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Department
Sociology
Course
SOC 1100
Professor
Linda Gerber
Semester
Summer

Description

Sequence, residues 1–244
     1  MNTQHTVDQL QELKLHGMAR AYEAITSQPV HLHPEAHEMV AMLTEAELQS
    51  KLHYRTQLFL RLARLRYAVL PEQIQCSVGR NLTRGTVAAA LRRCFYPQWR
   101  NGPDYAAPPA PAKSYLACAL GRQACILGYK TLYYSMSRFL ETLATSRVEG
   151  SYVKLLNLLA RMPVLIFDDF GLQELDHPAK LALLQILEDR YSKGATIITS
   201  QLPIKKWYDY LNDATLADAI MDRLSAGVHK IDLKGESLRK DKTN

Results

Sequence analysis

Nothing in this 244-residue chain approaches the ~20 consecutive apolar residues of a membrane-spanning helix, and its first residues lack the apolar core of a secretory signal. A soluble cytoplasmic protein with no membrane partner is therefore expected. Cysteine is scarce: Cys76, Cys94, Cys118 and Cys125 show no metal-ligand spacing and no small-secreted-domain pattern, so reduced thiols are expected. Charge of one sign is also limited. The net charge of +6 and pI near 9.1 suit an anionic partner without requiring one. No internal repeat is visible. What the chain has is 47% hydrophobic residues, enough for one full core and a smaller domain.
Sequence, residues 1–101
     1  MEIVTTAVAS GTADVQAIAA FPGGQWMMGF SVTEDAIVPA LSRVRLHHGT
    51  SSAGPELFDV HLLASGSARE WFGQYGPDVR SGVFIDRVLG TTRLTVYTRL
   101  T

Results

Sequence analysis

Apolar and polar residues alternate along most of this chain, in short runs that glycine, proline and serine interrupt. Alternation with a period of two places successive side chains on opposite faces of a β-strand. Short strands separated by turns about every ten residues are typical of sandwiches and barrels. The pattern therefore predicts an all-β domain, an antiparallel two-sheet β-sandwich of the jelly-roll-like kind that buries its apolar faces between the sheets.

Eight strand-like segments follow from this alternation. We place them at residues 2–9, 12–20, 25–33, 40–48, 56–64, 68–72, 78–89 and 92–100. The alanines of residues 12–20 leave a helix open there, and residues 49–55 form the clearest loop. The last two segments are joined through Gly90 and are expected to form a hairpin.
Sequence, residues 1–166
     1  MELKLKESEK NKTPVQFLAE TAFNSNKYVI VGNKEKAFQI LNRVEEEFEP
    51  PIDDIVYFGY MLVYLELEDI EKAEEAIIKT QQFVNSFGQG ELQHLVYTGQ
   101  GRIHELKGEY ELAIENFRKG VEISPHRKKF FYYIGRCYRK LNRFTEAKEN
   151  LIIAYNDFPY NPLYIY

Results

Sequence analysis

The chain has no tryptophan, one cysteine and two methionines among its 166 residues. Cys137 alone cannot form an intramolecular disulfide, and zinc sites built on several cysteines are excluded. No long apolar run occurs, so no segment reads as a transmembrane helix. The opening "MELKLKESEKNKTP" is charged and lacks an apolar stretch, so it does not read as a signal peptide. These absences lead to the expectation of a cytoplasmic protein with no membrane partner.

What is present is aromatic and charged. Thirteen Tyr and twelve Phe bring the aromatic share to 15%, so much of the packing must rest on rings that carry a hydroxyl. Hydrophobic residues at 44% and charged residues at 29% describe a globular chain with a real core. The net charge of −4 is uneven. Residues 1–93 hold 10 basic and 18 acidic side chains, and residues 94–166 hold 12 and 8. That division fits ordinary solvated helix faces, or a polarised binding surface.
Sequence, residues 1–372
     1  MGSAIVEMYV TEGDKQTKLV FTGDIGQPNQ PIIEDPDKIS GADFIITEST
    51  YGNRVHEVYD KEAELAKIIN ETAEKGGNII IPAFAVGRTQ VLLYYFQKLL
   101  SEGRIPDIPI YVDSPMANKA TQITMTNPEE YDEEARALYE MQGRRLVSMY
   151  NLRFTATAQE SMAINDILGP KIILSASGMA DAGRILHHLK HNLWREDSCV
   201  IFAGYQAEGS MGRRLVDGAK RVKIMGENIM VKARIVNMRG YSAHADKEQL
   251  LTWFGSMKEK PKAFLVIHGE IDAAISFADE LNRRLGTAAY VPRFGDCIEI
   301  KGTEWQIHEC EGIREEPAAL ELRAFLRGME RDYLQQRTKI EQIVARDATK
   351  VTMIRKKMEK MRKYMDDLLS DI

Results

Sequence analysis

Chapter One- The Sociological Perspective Seeing the General in the Particular  SOCIOLOGY is the systematic study of human society  Peter Berger described the sociological perspective as seeing the general in the particular o Sociologists would identify general patterns in behavior of individuals o Realize that individual’s act differently based on what category they fit into (women versus men, or children versus adults, etc.) o General categories we fall into shape our particular life experiences Seeing the Strange in the Familiar  Sociological perspective is also seeing the strange in the familiar  Society influences all decisions that we make o Think about going to university: we think we wanted to go because it is close to home, or to secure a good job; we don’t realize that we also feel pressured to go by society because it is the apparent “norm”. College/university attendance is the norm for people between 18-24 in this day and age in our society  Other factors include socio-economic background (higher education is expensive), race/ethnicity, and religion o Therefore it isn’t reasonable to say that attending university/college is a PERSONAL choice Seeing Personal Choice in Context  Society influences personal choice o Think about how many kids a woman has. It appears to be a personal choice but society is really influencing you to have a certain number (i.e. in the States the average is 2, in Niger average is 7)  Even suicide is influenced by society o Social ties connect people and are stronger amongst the poor, amongst married people and amongst people who practice certain religions (i.e. Catholicism contains large social ties as the church community comes together) o Wealthy have more freedom than the poor o In Durkheim’s time, men had more freedom than women and therefore less social ties Seeing Sociologically: Marginality and Crisis  Two situations help people see clearly how society shapes individual lives: o Living through a social crisis o Living on the margins of society  Living on the margins of society means feeling like an outsider; not being part of a dominant group o i.e. black people living Finch area in Toronto understand the importance of race in people’s lives, whereas white people wouldn’t consider race at all or the privileges it provides o To become better at using the sociological perspective, we must step back from our familiar routines and look at our lives with new curiosity  Periods of change/crisis make everyone feel off balance and this encourages us to use the sociological perspective o i.e. the depression in the 1930’s, when employment rate soared to 25% and people without jobs couldn’t help but see general social forces at work in their particular lives o Instead of thinking “something is wrong with me; I can’t find a job!” they realize “The economy has collapsed, there are no jobs to be found!” o Social change encourages sociological thinking and sociological thinking brings out social change  i.e. the more we learn about our world the more we may want to change it in some way  Becoming aware of gender inequality has caused some men and women to try to reduce it The Importance of a Global Perspective  As new information technology draws the farthest reaches of Earth closer together, many academic disciplines are taking a global perspective o Global perspective: the study of the larger world and our society’s place in it  Sociology shows us that our place in society shapes our life experiences, so it stands to reason that the position of our society in the larger world system affects everyone in Canada o i.e. Canada’s relationship with the U.S.(the destination of 85% of our exports and our nation’s attempts to come to terms with the emerging economic powers of China and India)  The world’s 193 nations can be divided into 3 categories o High income countries- nations with highest overall standards of living  60 countries including Canada, U.S., Western Europe, Japan  These countries produce the most of the world’s goods and services and the people living there own most of the world’s wealth o Middle income countries- nations with a standard of living about average for the world as a whole  76 nations including many in Eastern Europe, most of Asia  These countries are likely to live in rural cities or in cities and are likely to ride bikes or animals or drive cars  Average of 6-8 years of schooling o Low-income countries are nations with a low standard of living in which most people are poor  57 nations including many in Africa, Haiti  Too little water and food and very low chance to improve lives  This textbook compares North America with the rest of the nations of the world for four reasons o Where we live shapes the lives we lead- to understand ourselves and appreciate how others live, we must understand something about how countries differ o Societies throughout the world are increasingly interconnected- trade is a major factor amongst nations, and cultural diversity is displayed in festivals, streets, restaurants, grocery stores, etc. o Many social problems that we face in Canada are far more serious elsewhere- poverty is a problem in Canada but is more serious in Latin America, Africa, etc. Moreover, Canadian women have lower social standing than men, gender inequality is even greater in the world’s poor countries o Thinking globally helps us learn more about ourselves- we cannot walk the distant streets of other cities without thinking about what it means to live in Canada  In an increasingly interconnected world, we can understand ourselves only to the extent that we understand others; sociology is an invitation to learn new ways of looking at the world around us Sociology and Public Policy  Sociology has played important role in development of Canadian policy o Sociological research influenced the Royal Commission on Health Services from which Canada’s medicare system arose  Many sociologists have done policy-relevant work outside the context of royal commissions o Raymond Breton was the director of Montreal’s Institute for Research on Public Policy and did influential work in the areas of ethnicity, cultural boundaries, Quebec nationalism, regionalism, and constitutional change  Hundreds of people with sociological training who are employed by the government, polling agencies, the media, and universities have impacts on public policy and Canada’s response to social issues Sociology and Personal Growth  Using sociology benefits us in four ways o The sociological perspective helps us assess the truth of “common sense”  The idea that we are free individuals is something we take for granted; we assume we decide our own fate; we might praise very successful people as superior and less successful people as personally deficient. However, a sociological approach encourages us to ask whether such common beliefs are true and to the extent they are not, why are they so widely held o The sociological perspective helps us see the opportunities and constraints in our lives (we have a say in how we play our cards, but it is society that deals us the hand. The more we understand the game, the better players we will be) o The goals sociological perspective empowers us to be active participants in our society (the more we understand how society works, the more active citizens we will become) o The sociological perspective helps us live in a diverse world  North Americans only account for 5% of the world’s population; there are a lot of other people out there who live completely differently from us. We are biased on our own way of life and consider it “better” or “more natural”  The sociological perspective encourages us to think critically about the relative strengths and weaknesses of all ways of life including our own Social Change and Sociology  Three stages of society: o Theological stage (church in the Middle Ages) o Metaphysical Stage (the Enlightenment and ideas of Hobbes, Locke, and Rousseau o Scientific Stage (physics, chemistry, sociology)  A new industrial community: o Laboring started being done in factories rather than at home under the control of strangers who owned the factories  This took people out of their homes and weakened the traditions that had guided community life for centuries  The growth of cities: o Across Europe, landowners took part in what historians call “enclosure movement” (they fenced off more and more farmland to create grazing areas for sheep, the source of wool for the thriving textile mills)  As cities grew larger, these urban migrants faced many social problems, including pollution, crime, and homelessness  Political change o Europeans viewed society as an expression of God’s will and everyone played a part in the social plan Sociological Theory  Structural-functional approach o A framework for building theory that sees society as a complex system whose parts work together o Points to social structure and maintaining that social structure (any relatively stable pattern of social behavior) o Social functions: the consequences of any social pattern for the operation of society as a whole o Auguste Comte founded this theory o Manifest functions: the recognized and intended consequences of any social pattern o Latent functions: the unrecognized and unintended consequences of any social patterns  Social-conflict approach o A framework for building theory that sees society as an arena of inequality that generates conflict and change o Highlights inequality and change, rather than stability like the structural-functional approach does o Main example: inequality between men and women (feminist approach)  Symbolic-interactionism approach o A broad focus on structures that shape society as a whole is the MACRO focus o Also contains “micro-level” orientation (a close-up focus on social interaction in specific situations) o Symbolic-interactionism approach is a framework for building theory that sees society as the product of the everyday interactions of individuals  Postmodernism approach o Critical of modernism with a mistrust of grand theories and ideologies o Proposes that human sciences cannot be scientific because of human subjectivity, which makes discovering objective truth imposible o Asks “how does power permeate social relations or society, and change with circumstances?” Chapter 2 – Sociological Investigation Science – logical system that bases knowledge on direct, systematic observation Empirical Evidence –information we can verify with our senses Scientific Sociology – study of society based on systematic observation of social behaviour Variable – concept whose value changes from case to case Measurement – procedure for determining the valuing of the variable in a specific case Operationalize a variable – specifying exactly what us to be measured before assessing a value to a variable Reliability - consistency in measurement Validity – actually measuring exactly what you intend to measure Cause and Effect – relationship in which change in one variable cause change in another Independent Variable – variable that causes the change Dependent Variable – variable that changes Correlation – relationship in which two (or more) variables change together Spurious Correlation – an apparent but false relationship between two (or more) variables that is caused by some other variable Control – holding constant all variables except one in order to see clearly the effect on that variable Replication – repetition of research by other investigators Interpretive Sociology – study of sociology that focuses on the meanings people attach to their social world Critical Sociology – study of sociology that focuses on the need for social change Gender – personal traits and social positions that member of a society attach to being female or male Research Method – systematic plan for doing research Experiment – research method for investigating cause and effect under highly controlled conditions Hypothesis – statement of a possible relationship between two (or more) at variables Hawthorne effect – change in a subject’s behaviour cause simply by the awareness of being studied Population – people who are the focus of the research Sample – part of a population that represents the whole Questionnaire – series of written questions a researcher presents to subjects Interview – a series of questions a researcher asks respondents in person Participant Observation – a research method in which investigators systematically observe people hole joining them in their routine activities Secondary Analysis – research method in which a researcher utilizes data collected by others Inductive logical thought – reasoning that transforms specific observations into general theory Deductive logical thought – reasoning that transforms general theory into specific hypotheses suitable for testing Basics of Sociological Investigation Starts with two simple requirements 1. Applying the sociological perspective - Reveals patterns of behaviour that call for further study 2. Be curious and asks questions Three Ways To Do Sociology Scientific Sociology - Study of sociology based on systematic observation of social behaviour - Requires careful operationalizing concepts - Measurements must be valid and reliable - Relies on quantitative data - Cannot bring personal bias or values into the study - Limitations o Human behaviour is very complex, so they cannot predict individuals actions o Presence of the researcher may affect individuals responses o Social patterns change - Stands closest to structural functional approach Interpretive Sociology - Focuses on the meanings people attach to their social world - Sees reality as being constructed by peoples - Relies on qualitative data - Better suited to research in the natural setting where sociologist interact with people - Figured out why people do things not just what people do - Three sources of data o Observation o Participant observation o Interviews - Stands closest to symbolic-interaction approach Critical Sociology - Study of sociology that focuses on the need for social change - Rejects the scientific principal of objectivity - Claims that all research has a political character - Linked to social-conflict approach ** if research involves participants, it MUST be ethical!!!!!!!!! - They must know what they have gotten themselves into and consent to it Methods of Sociological Research Four common methods of investigation 1. Experiments - For investigating cause and effect under highly controlled conditions - Asks not just what happens but why - Test a hypothesis - Performed under controlled conditions - Tries to specify casual relationships between two or more variables 2. Survey Research - Subjects respond to a series of statements or questions in a questionnaire or an interview - Most widely used - Good for studying attitudes - Yield descriptive findings 3. Participant Observations - Field study - Investigators systematically observe people while joining them in their routine activities - Do not have a particular hypothesis in mind at the beginning - Can observe for more months to years - Must maintain some distance as an “observer” - Mostly quantitative data, but sometimes collects some quantitative data - Personal approach  must be accepted into group 4. Using Available Data: Secondary and Historical - Researchers utilize data collected by others - Easier and more efficient then own data collecting data - Often uses government data - Problems o Data might not be available / exist o Questions of the meaning and accuracy of other peoples works Theory and research are linked in two ways: 1) Deductive logical thought starts with general theories and generates a specific hypothesis suitable for testing 2) Inductive logical thought starts with specific observations and builds general theories Overall Summary 10 Steps in Sociological Investigation 1. What is your topic? 2. What have others already learned? 3. What, exactly, are your questions? 4. What will you need to carry out research? 5. Are there ethical concerns? 6. What methods will you use? 7. How will you record the data? 8. What do the data tell you? 9. What are your conclusions? 10. How can you share what you have learned? Chapter 3: Culture -way of life including people’s actions, possessions, and internal feelings -derives from the word cultivate “growing” a way of life Chapter opener: Musher Abraham Okimasis from Eemanapiteepitat Indian reserve, was the first Indian to win the 1951 world championship dog sled race -humans may share biological characteristics but develop ideals about life through culture that affect every custom from getting married to apparel What is Culture? -culture refers to ways of thinking and material objects, comprises everything that we create with our minds and hands, thus linking to one’s past and guiding one’s future -nonmaterial culture refers to ideas created by society; material culture refers to physical things created -people tend to view their own lives as “natural”, culture shock arises when travellers experience an unfamiliar way of life -humans rely on culture rather than instinct (like most animals) to ensure survival -culture is a way of life(shared by society), human trait(rely on it for survival), and product of evolution(culture replaced biological instincts) Culture and Human Intelligence -Stone Age achievements (walking upright, advantages of hunting in groups, use of fire, tools, weapons, and clothing) mark a distinct evolutionary course -250 000 years ago Homo Sapiens (“thinking person”) emerged and developed so that about 40 000 years ago “modern” Homo sapiens developed cultures and cave art -12 000 years ago, permanent settlements in specialized occupations (now Iraq and Egypt) mark the birth of civilization, because they changed the natural environment to benefit themselves Culture, Nation, State And Society -culture: ideas, values, and artifacts that make up a shared way of life -nation: commonly used to refer to a political entity- a state or country; also refers to people who share a culture, ancestry, and history -society: organized interaction of people within a nation, state, or other boundary who share a culture How Many Cultures? -experts documented almost 7 000 languages, which are declining Thinking About Diversity Box: Aboriginal Languages in Danger of Extinction -of the six aboriginal languages spoken, only four are not on brink of extinction -researchers suggest that Canada should take action to preserve all of them because they represent spirituality, diversity, knowledge and many other things to an individual and Canada as a whole The Elements of Culture -cultures vary but have common elements such as symbols, language, values, and norms Symbols -build a reality of meaning and carries particular meanings by people who share culture -culture shock leads individuals to feel lost as they don’t understand some symbols or behaviours -symbols allow people to make sense to their lives and without them, human existence would be meaningless Seeing Sociology in Everyday Life: New Symbols in the World of Instant Messaging -the world of symbols are changing and advancing everyday -today there is a great amount of the population, changing symbols through the use of instant messaging (IM) Language -Helen Keller was blind and deaf, she was limited through social development until her teacher used sign language as a form of communicating with her -language: is key to culture, it is a system of symbols that allows people to communicate with each other (through the alphabet and many sounds) -cultural transmission: one generation passes culture to the next. Language is very important to this, as it is the key to accumulated wisdom. People have transmitted culture through speech (oral culture tradition) -Sapir-Whorf hypothesis states that people perceive the world through the cultural lens of language Sociology and the Media box: Canada in Six Words or Less -images or beliefs of Canada are widespread -examples of very sarcastic, negative comments Values and Beliefs -values: culturally defined standards that serve as broad guidelines for social living, they support beliefs -beliefs: specific statements people believe to be true -cultural values and beliefs form our perception and the core of our personalities -values may be inconsistent and conflicting -values in higher income countries (focus on individual happiness, take life for granted) differ from lower income countries (traditional, focus on necessities in life, values of family and religion) Thinking Globally box: Canadians And Americans: What Makes Us Different? -Canadians and Americans have many differences. For instances Canadians value collective universal Medicare, whereas Americans like the option to choose and pay for Medicare Norms -norms: rules and expectations that a society uses to guides its members -proscriptive norms stat what we should not do, whereas prescriptive norms state what we should do -most important norms in a culture apply everywhere and at all times -Two types of culture include mores: norms widely observed and hold moral significance; and folkways: norms for routine or casual interaction -social control: attempts by others to regulate people’s thoughts and behaviour Ideal and Real Culture -ideal culture: social patterns mandated by cultural values and norms -real culture: actual social patterns that only approximate cultural expectations Material Culture and Technology -every culture includes a wide range of physical human creation, called artifacts -material culture reflects a society’s values and technology -technology: knowledge that people use to make a way of life in their surroundings New Information Technology and Culture -industrial production focuses on factories and machinery that generate material goods -post industrial production focuses on computers and other electronic devices that create, process, store, and apply information Cultural Diversity in Canada -Canada exhibits striking cultural diversity, over the last 30 years, it is the world’s most multicultural country -sociologists call Canada a cultural mosaic High Culture and Popular Culture -diversity may be rooted in social class, as people in society uses the term culture to represent sophisticated art forms (literature, opera, ballet) -high culture: cultural patterns that distinguish a society’s elite -popular culture: cultural patterns that are widespread throughout society -people often make judgements about high culture and popular culture. They shouldn’t do this because neither group has uniform tastes and interests. In addition, high culture is not inherently better than popular culture; supporters in high culture have more money, power, and prestige. Subculture -subculture: cultural patterns that set apart some segment of a society’s population -in some cases, important cultural traits such as ethnicity or religion divide people Multiculturalism -multiculturalism: social policy designed to encourage ethnic or cultural heterogeneity -Eurocentrism: the dominance of European cultural patterns. This legacy is a debate on whether we should continue to stress Western European cultural contributions and exclude other cultures -multiculturalism generates controversy because it requires rethinking of core norms and values. Areas of debate, including language question whether Canada should officially recognize minority languages by federal law. -multiculturalism is an effort to enhance appreciation of cultural diversity. It has developed in response to the American “melting pot” idea, which was thought to result in minorities losing their identities as they adopted mainstream cultural patterns Counterculture -counterculture: cultural patterns that strongly oppose those widely accepted within a society Cultural Change -cultural change is continuous, change in one dimension is usually associated with other transformations -cultural integration: the close relationship among various elements of a cultural system -cultural lag: cultural elements changing at different rates, causing various degrees of disruption in cultural systems -causes of cultural change are invention(creating new cultural elements), discovery(recognizing and understanding something not understood before), and diffusion(spread of cultural traits from one society to another) Ethnocentrism and Cultural Relativism -enthnocentrism: the practice of judging another culture by the standards of one’s own -cultural relativism: the practice of judging a culture by its own standards. This is a logical alternative to the biased enthnocentrism A Global Culture? -societies have more contact with one another than before, involving the flow of goods, information and people -global economy (the flow of goods): involving international trade -global communications (the flow of information): satellite based communications enable communication across the world -global migration (the flow of people): knowing about the rest of the world, motivates people to travel. Technology today enables people to makes relocating easier -a global culture may enable people to experience new things but people still see the world through their own cultural lenses (international trade is not evident everywhere, not everyone everywhere can afford new goods and services, and cultural practices are not immediately accepted or adapted when someone moves) Theoretical Analysis of Culture The Functions of Culture: Structural-Functional Analysis -cultural universals: traits that are part of every known culture -level of analysis: macro -what is culture: is a system of behaviour by which members of societies co-operate to meet their needs -what is the foundation of culture: cultural patterns are rooted in a society’s core values and beliefs -what core questions does the approach ask?: How does a cultural pattern help society to operate? What cultural patterns are found in all societies? -summary: views culture as a relatively stable system built on core values. All culture patterns play some part in the ongoing operation of society Inequality and Culture: Social-Conflict Analysis -level of analysis: macro -what is culture: is a system that benefits some people and disadvantages others -what is the foundation of culture: cultural patterns are rooted in a society’s system of economic production -what core questions does the approach ask?: How does a cultural pattern benefit some people and harm others? How does a cultural pattern support social inequality? -summary: sees culture as a dynamic arena of inequality and conflict. Cultural patterns benefit some categories of people more than others. Evolution and Culture: Sociobiology -socio-biology: a theoretical approach that explores the ways in which human biology affects how we create culture -level of analysis: macro -what is culture: is a system of behaviour that is partly shaped by human biology -what is the foundation of culture: cultural patterns are rooted in humanity’s biological evolution -what core questions does the approach ask?: How does a cultural pattern help a species adapt to its environment -summary: explores how the long history of evolution has shaped patterns of culture in today’s world **The symbolic-interaction approach, with its micro-level focus on behaviour in everyday situations, is explored in Chapter 6 (“Social Interaction in Everyday Life”)** Culture and Human Freedom -culture forces us to choose as we make and remake a world for ourselves -culture can limit the choices we make, it is largely a matter of habit which dives us to repeat troubling patterns Chapter 3 Bolded Definitions: What is Culture? culture: the ways of thinking, the ways of acting, and the material objects that together shape a people’s way of life nonmaterial culture: the ideas created by members of society material culture: the physical things created by members of a society culture shock: personal disorientation when experiencing an unfamiliar way of life The Elements of Culture symbols: anything that carried a particular meaning recognized by people who share culture language: a system of symbols that allows people to communicated with one another cultural transmission: the process by which one generation passes culture to the next Sapir-Whorf hypothesis: people perceive the world through the cultural lens of language values: culturally defined standards that people use to decide what is desirable, good, and beautiful, and that serve as broad guidelines for social living beliefs: specific statements that people hold to be true norms: rules and expectations by which a society guides the behaviour of its members mores: norms that are widely observed and have great moral significance folkways: norms for routine or casual interaction social control: attempts by others to regulate people’s thoughts and behaviours ideal culture: social patterns mandated by cultural values and norms real culture: actual social patterns that only approximate cultural expectations technology: knowledge that people use to make a way of life in their surroundings Cultural Diversity in Canada high culture: cultural patterns that distinguish a society’s elite popular culture: cultural patterns that are widespread throughout society subculture: cultural patterns that set apart some segment of a society’s population multiculturalism: social policy designed to encourage ethnic or cultural heterogeneity Eurocentrism: the dominance of European cultural patterns counterculture: cultural patterns that strongly oppose those widely accepted within a society cultural integration: the close relationship among various elements of a cultural system cultural lag: cultural elements changing at different rates, causing various degrees of disruption in cultural systems enthnocentrism: the practice of judging another culture by the standards of one’s own cultural relativism: the practice of judging a culture by its own standards Theoretical Analysis of Culture cultural universals: traits that are part of every known culture socio-biology: a theoretical approach that explores the ways in which human biology affects how we create culture plus box on page 358, "Aboriginal Elders: Cultural Custodians" -aboriginals widely respect their elders. They are shown to hold insight, wisdom, and authority -they have experience, knowledge, and possess many stories plus box on pages 598-99, "The Canadian Revolution through the Information Revolution" -Canadians are now more equipped to make their own decisions and voice their own opinions -they have access to more information, making them more independent plus box on page 601, "We're Different, Eh?" -Canadians are shown to be very different from Americans -many may seem Anit-American Chapter 4 Summary – Society: Society – refers to people who interact in a defined territory and share a culture Gerhard and Jean Lenski: Society and Technology -their work helps us understand the great differences among societies that have existed throughout human history Socio-cultural evolution – changes that occur as a society gains new technology (term was coined by the Lenskis) -societies with more advanced technology can support more people -The Lenskis’ work has defined 5 types of societies: Hunter/Gatherer societies, Horticultural and Pastoral societies, Agrarian Societies, Industrial Societies, and Post Industrial societies Hunter/Gatherer Societies: Hunting and Gathering – The use of simple tools to hunt animals and gather vegetation -all humans were part of this society from approximately 3 million years ago until 12,000 years ago -very few of these societies remain today, although some do (some Africans and Aboriginals) -people in these societies have little free time, and spend most of their time looking for their next meal -Adults do most of the work in these societies, and these societies usually have a shaman or spiritual leader who enjoys high prestige but has to work like everyone else -use simple tools such as spears and knifes -main enemy is forces of nature who effect their food supply -due to improved technology throughout the world, these societies are disappearing Horticultural and Pastoral Societies: -began about 12000 years ago Horticulture – The use of hand tools to raise crops -growing crops and gardens for food -First used in fertile regions of the Middle east -hunters and gatherers living where food was plentiful would not adopt this -people living in dry or infertile regions (e.g. the Sahara) would be more likely to adopt pastoralism Pastoralism – The domestication of animals -growing plants and animals led to increased food production so population boomed -pastoralists were nomadic, horticulturists settled down -a surplus of food now meant not everyone had to work at gathering foods, so specialization in the creation of goods or performing services arose -more socially diverse than hunters and gatherers; they had elites, poor, military men, etc. -hunters and gatherers believed in many Gods, Pastoralists and Horticulturists believed in one God as the creator of the world Agrarian Societies: -began about 5000 years ago Agriculture – Large scale cultivation using plows harnessed to animals or more powerful energy sources -development of permanent surplus and an even greater surplus of food and materials -more specialization of goods and services, so money was now required as a means of exchange -agrarian societies have extreme inequality—e.g. slaves and peasants vs. Elites -agriculture raises men to a position of social dom